In The Wake of Mandela


Photo of Nelson Mandela, former president of South Africa and Nobel Peace Prize winner, taken from Forbes Magazine

Nelson Mandela is to our generation what Mohandas Ghandi was to the generation of the 1960’s and 70’s. Born in a South African Cape province, he grew up to be a world leader in the struggle for liberty. From non-violent protests against the Apartheid government, which separated black people from white people, to becoming the first black president in South Africa, many agree, Mandela has affected not only his nation, but the world as well.

Numerous students at Cam High view Mandela as a model for everyone, no matter the origin of the person. “Nelson Mandela fought without any (physical) force,” said Mina Pasaraba, senior, when discussing the methods of Mandela to achieve equality in South Africa. Mandela’s demeanor of grace under pressure both at home and abroad were a model to follow when facing different cultures.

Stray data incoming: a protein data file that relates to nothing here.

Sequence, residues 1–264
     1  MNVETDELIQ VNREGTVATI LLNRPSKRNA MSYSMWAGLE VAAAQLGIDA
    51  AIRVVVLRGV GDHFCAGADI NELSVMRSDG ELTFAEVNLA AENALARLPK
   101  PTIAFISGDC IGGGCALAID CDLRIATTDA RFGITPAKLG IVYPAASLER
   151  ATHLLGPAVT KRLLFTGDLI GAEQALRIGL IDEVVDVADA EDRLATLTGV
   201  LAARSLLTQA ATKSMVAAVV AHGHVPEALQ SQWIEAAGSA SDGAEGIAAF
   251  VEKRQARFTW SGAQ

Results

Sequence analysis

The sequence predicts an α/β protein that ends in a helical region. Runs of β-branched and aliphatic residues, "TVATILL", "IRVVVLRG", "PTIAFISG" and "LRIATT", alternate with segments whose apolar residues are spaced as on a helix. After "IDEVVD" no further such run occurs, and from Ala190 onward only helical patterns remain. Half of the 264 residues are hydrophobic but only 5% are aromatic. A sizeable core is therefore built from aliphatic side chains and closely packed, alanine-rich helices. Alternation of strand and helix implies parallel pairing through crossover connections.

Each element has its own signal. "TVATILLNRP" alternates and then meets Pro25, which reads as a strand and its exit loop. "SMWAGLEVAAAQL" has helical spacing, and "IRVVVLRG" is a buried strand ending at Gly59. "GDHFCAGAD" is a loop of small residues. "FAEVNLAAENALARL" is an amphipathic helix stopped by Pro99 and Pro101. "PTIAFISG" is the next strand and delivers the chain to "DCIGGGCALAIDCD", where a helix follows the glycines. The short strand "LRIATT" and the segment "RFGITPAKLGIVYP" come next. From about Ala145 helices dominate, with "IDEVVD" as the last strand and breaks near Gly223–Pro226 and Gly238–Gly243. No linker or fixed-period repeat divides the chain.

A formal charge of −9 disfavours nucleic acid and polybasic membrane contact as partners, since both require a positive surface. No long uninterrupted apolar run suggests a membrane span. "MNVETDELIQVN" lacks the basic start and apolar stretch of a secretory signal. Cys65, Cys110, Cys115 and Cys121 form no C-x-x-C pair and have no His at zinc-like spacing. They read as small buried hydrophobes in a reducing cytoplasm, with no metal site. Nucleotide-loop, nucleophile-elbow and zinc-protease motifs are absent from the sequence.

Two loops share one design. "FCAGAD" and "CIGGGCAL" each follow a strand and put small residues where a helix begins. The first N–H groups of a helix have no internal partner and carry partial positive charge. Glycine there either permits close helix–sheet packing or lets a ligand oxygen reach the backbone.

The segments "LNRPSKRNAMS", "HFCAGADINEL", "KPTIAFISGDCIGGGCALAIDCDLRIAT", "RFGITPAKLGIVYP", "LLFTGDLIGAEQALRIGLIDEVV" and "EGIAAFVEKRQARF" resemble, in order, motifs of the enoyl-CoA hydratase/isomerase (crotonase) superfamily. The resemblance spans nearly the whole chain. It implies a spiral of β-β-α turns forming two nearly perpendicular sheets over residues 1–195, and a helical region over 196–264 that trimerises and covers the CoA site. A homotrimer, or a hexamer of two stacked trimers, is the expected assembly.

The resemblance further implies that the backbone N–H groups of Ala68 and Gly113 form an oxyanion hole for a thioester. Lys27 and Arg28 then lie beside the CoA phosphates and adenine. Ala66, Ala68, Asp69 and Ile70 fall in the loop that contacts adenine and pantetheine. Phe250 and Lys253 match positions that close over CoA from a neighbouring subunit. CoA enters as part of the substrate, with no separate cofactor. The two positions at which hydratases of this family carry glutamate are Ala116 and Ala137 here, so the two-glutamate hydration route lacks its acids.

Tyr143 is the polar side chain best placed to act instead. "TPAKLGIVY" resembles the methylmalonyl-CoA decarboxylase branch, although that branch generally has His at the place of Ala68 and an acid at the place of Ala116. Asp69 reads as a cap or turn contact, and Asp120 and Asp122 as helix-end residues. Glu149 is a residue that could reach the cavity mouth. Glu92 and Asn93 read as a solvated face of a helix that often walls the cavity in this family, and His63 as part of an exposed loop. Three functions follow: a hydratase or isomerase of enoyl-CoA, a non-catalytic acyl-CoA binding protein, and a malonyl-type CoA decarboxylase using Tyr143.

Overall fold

Like many leaders, Mandela wasn’t without blemish on his record. “Nelson Mandela was a good person, when he fought discrimination; ironically, his bribery in presidency made him a bad guy,” said Si Heon Jung, junior. Still, there is no question that Mandela’s legacy will have a huge impact across Africa and the world after 2013.

“Nelson Mandela is a great role model because he fought segregation and the system of Apartheid,” said Joseph Kim, junior. It was Mandela, imprisoned for 26 years, who led the mostly non-violent revolution to end Apartheid, a government that segregated black from white put in place by mostly Afrikans citizens, Dutch immigrants and their descendants in South Africa.